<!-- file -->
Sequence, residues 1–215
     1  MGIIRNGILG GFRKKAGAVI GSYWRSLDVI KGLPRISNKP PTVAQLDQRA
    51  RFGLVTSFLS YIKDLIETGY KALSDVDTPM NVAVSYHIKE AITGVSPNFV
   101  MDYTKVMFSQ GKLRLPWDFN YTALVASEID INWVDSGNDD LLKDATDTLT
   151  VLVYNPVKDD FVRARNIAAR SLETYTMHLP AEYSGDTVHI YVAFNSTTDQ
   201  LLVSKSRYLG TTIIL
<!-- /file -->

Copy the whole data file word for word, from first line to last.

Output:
Sequence, residues 1–215
     1  MGIIRNGILG GFRKKAGAVI GSYWRSLDVI KGLPRISNKP PTVAQLDQRA
    51  RFGLVTSFLS YIKDLIETGY KALSDVDTPM NVAVSYHIKE AITGVSPNFV
   101  MDYTKVMFSQ GKLRLPWDFN YTALVASEID INWVDSGNDD LLKDATDTLT
   151  VLVYNPVKDD FVRARNIAAR SLETYTMHLP AEYSGDTVHI YVAFNSTTDQ
   201  LLVSKSRYLG TTIIL